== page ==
Hypnotic effect of tryptophan analog in rats

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The effects of DL 2-amino-3-(1-naphthyl) propanoic acid, a tryptophan analog, on sleep and brain chemistry were investigated in rats. Similar to previous findings with tryptophan, the tryptophan analog (30 mg/kg, IP) reduced slow-wave sleep (SWS) latency. The reduction in SWS latency occurred at a time when 5-hydroxytryptamine (5-HT) concentration was reduced in the cortex, pons-medulla and striatum-thalamus with no change in the concentration of 5-hydroxyindoleacetic acid, a major metabolite of 5-HT. At the same time, norepinephrine concentration was reduced in the cortex, hippocampus and striatum-thalamus with a marked reduction (40%) in cortical dopamine (DA). The reduction of cortical DA coincided with a 53% decrease in homovanillic acid, a major metabolite of DA. The behavioral effect of tryptophan analog for six hours, as monitored by the EEG, was an increase in SWS by 25 min and a decrease in walking by 29 min. These data suggest that the effects of the tryptophan analog on sleep may be due to the attenuation of the activity of brain catecholamines and imply that tryptophan may as well produce its hypnotic effect via a similar mechanism. © 1979.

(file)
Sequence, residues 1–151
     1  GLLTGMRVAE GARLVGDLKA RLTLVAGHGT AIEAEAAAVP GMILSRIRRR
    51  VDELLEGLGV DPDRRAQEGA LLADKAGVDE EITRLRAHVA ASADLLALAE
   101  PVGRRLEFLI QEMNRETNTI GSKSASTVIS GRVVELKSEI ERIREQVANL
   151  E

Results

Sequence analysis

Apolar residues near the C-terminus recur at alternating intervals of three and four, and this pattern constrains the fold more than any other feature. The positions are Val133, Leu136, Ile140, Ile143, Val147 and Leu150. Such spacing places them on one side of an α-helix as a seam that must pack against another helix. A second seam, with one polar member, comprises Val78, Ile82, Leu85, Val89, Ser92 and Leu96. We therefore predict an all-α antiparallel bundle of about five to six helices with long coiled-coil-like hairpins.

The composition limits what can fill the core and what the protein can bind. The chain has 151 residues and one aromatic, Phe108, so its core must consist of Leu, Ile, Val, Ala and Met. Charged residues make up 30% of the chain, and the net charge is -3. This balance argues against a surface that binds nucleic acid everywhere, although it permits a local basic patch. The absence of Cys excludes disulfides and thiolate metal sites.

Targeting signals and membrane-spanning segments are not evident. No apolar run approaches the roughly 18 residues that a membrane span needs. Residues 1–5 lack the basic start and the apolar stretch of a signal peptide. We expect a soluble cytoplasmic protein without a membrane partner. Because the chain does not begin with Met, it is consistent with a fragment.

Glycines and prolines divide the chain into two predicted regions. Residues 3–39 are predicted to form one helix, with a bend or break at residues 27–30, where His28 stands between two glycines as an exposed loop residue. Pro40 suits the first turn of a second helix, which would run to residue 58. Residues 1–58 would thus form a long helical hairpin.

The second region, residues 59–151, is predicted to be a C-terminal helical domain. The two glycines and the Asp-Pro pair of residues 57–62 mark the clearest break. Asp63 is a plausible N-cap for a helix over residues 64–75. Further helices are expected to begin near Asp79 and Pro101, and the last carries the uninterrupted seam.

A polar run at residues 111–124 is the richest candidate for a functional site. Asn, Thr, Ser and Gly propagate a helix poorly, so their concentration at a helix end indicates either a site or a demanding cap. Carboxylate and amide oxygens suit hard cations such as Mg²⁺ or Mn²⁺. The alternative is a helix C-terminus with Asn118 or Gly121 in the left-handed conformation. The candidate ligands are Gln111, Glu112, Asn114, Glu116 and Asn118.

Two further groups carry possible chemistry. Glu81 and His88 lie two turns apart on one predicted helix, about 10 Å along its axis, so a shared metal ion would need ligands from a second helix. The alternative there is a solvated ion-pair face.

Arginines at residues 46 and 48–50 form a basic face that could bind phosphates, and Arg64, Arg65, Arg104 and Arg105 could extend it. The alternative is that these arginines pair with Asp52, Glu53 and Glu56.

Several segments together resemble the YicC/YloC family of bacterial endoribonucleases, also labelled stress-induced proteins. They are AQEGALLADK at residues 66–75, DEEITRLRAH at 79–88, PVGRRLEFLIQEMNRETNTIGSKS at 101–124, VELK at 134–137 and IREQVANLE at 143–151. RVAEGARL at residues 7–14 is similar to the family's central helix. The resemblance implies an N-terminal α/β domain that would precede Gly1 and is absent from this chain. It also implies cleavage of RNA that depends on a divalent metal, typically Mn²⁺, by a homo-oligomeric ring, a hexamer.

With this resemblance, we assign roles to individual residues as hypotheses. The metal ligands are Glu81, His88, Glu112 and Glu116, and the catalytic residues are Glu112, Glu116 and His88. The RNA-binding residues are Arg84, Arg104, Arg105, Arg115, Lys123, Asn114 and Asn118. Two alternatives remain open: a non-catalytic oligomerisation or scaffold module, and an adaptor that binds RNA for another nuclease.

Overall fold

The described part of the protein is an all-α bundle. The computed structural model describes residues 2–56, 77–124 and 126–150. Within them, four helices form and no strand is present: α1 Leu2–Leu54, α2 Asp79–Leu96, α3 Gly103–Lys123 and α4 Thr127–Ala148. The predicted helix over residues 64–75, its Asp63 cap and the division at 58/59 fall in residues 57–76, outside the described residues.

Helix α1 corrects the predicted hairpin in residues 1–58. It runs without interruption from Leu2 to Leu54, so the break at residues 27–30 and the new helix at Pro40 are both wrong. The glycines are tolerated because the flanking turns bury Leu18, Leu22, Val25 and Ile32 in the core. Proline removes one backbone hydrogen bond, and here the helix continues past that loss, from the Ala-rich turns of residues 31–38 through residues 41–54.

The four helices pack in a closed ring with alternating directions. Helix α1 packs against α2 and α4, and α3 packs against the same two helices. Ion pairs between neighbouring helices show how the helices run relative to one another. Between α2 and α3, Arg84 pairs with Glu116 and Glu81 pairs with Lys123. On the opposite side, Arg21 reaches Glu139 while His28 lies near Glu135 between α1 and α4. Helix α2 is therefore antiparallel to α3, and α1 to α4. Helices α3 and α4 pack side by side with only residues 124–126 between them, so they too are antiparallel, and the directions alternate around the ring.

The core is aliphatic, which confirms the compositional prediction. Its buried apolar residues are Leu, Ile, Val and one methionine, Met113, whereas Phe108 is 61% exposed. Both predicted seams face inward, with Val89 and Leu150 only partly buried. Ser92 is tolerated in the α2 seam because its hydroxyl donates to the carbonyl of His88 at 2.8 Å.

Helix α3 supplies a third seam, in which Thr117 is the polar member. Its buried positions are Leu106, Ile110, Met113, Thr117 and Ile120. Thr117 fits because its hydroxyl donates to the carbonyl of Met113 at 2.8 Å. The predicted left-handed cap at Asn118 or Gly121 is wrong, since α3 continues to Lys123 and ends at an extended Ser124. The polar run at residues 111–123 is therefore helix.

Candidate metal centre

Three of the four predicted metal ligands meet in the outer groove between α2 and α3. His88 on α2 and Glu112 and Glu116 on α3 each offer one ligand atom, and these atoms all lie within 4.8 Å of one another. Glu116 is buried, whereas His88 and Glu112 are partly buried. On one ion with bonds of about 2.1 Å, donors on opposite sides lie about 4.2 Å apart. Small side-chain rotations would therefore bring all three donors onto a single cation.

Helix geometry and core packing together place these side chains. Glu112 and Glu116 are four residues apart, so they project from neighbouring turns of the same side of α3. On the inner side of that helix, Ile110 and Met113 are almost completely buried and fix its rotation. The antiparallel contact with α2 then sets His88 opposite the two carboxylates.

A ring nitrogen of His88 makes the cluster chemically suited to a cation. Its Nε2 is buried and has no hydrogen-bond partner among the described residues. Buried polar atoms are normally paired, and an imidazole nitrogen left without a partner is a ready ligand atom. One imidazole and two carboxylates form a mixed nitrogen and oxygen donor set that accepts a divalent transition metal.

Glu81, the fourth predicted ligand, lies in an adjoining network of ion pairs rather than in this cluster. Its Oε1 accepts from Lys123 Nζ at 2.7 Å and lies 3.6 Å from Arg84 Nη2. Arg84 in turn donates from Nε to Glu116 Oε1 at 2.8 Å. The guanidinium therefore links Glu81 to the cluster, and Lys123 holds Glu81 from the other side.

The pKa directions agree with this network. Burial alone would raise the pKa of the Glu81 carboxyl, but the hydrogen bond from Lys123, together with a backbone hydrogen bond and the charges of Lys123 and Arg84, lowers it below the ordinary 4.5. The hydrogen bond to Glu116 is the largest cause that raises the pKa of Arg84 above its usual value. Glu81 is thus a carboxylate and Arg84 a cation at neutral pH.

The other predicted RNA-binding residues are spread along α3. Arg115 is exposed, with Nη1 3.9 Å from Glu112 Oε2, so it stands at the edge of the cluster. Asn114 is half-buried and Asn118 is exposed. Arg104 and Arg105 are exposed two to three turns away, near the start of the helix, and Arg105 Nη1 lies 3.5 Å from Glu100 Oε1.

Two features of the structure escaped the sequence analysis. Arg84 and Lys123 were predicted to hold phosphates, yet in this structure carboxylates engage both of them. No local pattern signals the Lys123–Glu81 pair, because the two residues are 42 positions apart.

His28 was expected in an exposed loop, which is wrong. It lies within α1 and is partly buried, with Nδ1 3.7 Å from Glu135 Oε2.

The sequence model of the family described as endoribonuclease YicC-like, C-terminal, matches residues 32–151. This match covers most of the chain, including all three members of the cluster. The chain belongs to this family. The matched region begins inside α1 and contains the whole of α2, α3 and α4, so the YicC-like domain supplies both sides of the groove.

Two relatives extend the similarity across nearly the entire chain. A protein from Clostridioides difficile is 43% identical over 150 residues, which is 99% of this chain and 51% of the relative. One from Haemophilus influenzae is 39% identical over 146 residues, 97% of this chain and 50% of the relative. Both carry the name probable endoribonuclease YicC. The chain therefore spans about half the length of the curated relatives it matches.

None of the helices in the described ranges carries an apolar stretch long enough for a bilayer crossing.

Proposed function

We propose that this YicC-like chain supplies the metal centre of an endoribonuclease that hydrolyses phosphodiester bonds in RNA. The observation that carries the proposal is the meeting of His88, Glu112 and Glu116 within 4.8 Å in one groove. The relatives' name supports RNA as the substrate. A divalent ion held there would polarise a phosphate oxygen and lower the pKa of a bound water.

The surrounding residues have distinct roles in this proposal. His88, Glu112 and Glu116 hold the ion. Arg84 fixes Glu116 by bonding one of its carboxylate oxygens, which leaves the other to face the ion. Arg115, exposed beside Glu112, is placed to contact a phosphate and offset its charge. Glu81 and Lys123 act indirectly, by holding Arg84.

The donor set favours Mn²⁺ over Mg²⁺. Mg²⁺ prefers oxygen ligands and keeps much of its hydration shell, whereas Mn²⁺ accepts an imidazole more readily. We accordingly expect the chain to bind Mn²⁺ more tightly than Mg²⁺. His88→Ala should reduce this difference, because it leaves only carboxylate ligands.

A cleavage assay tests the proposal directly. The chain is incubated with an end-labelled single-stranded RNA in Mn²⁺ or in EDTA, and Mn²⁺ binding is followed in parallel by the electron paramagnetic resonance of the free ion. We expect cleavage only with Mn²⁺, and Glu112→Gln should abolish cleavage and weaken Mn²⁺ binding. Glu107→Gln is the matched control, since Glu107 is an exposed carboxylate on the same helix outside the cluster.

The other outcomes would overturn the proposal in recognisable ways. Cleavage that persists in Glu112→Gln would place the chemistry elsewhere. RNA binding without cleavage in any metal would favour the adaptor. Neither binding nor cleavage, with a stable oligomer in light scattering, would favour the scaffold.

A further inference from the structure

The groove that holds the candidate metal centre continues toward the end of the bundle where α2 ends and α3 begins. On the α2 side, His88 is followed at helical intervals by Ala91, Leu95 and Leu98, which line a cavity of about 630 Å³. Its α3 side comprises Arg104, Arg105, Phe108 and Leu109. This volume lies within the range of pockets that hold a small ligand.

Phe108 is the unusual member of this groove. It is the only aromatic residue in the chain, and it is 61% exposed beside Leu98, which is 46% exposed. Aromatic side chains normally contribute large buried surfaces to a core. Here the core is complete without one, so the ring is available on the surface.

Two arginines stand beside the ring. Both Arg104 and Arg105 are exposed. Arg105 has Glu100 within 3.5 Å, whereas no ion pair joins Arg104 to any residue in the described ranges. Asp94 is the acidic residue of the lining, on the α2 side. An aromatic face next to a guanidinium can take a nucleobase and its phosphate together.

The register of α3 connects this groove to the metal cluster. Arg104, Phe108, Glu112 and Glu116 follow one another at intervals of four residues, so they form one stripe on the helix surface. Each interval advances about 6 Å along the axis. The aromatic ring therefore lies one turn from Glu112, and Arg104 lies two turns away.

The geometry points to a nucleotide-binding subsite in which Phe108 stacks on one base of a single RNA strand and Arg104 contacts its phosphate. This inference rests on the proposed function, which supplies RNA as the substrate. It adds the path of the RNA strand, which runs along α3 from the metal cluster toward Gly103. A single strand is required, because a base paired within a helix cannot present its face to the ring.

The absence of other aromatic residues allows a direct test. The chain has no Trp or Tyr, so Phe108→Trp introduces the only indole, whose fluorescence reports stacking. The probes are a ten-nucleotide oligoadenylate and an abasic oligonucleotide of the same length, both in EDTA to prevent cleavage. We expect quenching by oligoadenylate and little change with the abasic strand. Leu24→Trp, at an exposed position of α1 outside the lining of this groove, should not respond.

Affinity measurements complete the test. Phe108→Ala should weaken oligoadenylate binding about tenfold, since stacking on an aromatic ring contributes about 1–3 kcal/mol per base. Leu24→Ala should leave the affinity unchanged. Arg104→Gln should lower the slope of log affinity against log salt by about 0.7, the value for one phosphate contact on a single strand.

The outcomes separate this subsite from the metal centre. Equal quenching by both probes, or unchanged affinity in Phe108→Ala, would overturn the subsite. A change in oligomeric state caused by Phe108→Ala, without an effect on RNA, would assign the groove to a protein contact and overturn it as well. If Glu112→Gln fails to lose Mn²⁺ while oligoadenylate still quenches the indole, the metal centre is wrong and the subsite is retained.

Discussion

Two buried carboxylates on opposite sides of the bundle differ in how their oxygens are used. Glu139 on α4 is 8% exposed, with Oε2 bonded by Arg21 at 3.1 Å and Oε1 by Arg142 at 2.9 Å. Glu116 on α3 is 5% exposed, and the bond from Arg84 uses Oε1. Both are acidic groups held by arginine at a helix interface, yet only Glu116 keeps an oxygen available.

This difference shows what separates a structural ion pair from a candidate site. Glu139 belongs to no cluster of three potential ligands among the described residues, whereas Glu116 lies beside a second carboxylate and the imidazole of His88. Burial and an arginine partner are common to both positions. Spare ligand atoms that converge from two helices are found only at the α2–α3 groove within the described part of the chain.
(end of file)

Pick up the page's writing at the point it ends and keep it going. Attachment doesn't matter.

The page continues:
Fornal, C., Wojcik, W. J., Radulovacki, M., & Schlossberger, H. G. (1979). Hypnotic effect of tryptophan analog in rats. Pharmacology, Biochemistry and Behavior, 11(3), 319–323. https://doi.org/10.1016/0091-3057(79)90142-4

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